Every weekend I do something outdoors-related, whether it’s running or walking, or cycling and nine times out of ten it’s in the British hills, mountains and countryside. Except last weekend. I was in London. If you’re anything like the majority of people I told I was going, you’re probably saying to yourself in an awful Cockney accent, “Laaaandaaaaan Taaaaaannnn”, which baffled me and I found mildly irritating after the fifth person felt the need to say it.
Anyway, it was a good trip. Most of it was actually spent outdoors, even if it was urban. I’ve always liked London, especially at times like the weekend where you are just free to stroll along. Time was spent in Regent’s Park, which is a huge open space. I wasn’t completely able to switch off and pretend I was in the countryside however as hovering in the distance at all times were high rise buildings and the sound of sirens. I thought on a couple of occasions I heard a green woodpecker, but it was some of the many thousands of parakeets that populate the city.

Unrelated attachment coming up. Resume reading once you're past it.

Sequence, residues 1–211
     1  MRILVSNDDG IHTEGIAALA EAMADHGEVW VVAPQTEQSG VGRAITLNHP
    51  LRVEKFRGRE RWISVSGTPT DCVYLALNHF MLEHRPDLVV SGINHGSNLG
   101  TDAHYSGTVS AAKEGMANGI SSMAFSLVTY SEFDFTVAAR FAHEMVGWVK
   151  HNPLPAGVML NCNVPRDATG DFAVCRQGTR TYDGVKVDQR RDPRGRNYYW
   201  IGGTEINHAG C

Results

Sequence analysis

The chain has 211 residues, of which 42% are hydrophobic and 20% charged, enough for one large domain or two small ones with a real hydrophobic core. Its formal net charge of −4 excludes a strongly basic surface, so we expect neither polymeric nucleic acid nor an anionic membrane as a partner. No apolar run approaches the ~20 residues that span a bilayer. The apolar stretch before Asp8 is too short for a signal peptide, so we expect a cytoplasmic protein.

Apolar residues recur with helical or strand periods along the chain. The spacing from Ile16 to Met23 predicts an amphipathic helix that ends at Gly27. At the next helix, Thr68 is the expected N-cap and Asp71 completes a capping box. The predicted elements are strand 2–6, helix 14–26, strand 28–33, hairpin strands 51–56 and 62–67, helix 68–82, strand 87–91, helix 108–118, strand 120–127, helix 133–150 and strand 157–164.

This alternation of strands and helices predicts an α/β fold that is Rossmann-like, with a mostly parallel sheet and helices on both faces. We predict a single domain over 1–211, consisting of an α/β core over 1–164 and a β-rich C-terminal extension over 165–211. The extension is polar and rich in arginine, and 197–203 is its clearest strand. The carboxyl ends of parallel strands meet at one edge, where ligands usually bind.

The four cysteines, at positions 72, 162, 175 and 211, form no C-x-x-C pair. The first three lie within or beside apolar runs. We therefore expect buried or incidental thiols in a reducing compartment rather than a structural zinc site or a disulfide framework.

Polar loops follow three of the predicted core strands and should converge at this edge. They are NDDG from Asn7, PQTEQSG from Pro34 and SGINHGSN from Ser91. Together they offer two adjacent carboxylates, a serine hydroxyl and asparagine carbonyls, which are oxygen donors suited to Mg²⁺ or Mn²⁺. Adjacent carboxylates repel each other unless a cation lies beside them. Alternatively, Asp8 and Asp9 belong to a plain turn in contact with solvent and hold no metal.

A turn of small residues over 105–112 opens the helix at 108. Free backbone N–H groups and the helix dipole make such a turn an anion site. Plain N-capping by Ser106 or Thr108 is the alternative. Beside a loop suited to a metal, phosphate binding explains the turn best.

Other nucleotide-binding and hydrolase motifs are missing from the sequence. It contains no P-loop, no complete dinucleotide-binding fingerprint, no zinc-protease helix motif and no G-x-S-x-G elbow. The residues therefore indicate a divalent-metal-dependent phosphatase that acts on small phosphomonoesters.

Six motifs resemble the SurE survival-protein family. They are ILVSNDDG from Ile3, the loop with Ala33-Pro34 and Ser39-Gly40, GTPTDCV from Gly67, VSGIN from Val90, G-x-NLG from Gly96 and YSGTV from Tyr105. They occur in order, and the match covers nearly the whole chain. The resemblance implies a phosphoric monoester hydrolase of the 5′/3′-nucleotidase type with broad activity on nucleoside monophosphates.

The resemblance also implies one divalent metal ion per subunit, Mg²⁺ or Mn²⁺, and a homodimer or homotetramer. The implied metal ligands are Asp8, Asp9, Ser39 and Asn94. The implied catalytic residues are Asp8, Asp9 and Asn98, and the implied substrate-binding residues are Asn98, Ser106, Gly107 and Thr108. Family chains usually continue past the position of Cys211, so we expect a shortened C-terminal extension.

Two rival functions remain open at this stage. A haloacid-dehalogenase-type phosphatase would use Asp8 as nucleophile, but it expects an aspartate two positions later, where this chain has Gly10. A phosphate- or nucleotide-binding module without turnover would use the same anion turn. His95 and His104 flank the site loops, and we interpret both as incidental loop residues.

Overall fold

I was impressed with the bits of greenery that I saw as well as the random standard trees in places, so old that the city has been built around them. I love to explore, no matter where I am, and I was not disappointed, when in Fitzrovia, there was a narrow passage with Regency period houses terraced on each side, and almost every one of them had a frontage jam-packed with potted plants, adding greenery where there is none, fulfilling the need to care for something.
I have always said I could never live in a city, although I can see the appeal. One thing to be said about city living is that it’s a constant flow of change – redevelopment of areas already developed. There is no need to fight for the greenbelt, and stand up for the countryside because put simply, there is none. It went centuries ago. People in London fight for the preservation of historical buildings, not nature for the greater part. They don’t get that pang of disappointment, coupled with anger and dread when another developer’s sign goes up on a narrow country lane that was once enjoyed as an escape route from modern life and urban mundanity. Rubbing shoulders with city dwellers, you can sense that they are different. Whether it’s a good different or bad different isn’t an argument short enough to go on this blog, and it also isn’t my argument to make.
As good as the two days were, as the old saying goes, it was good to be home.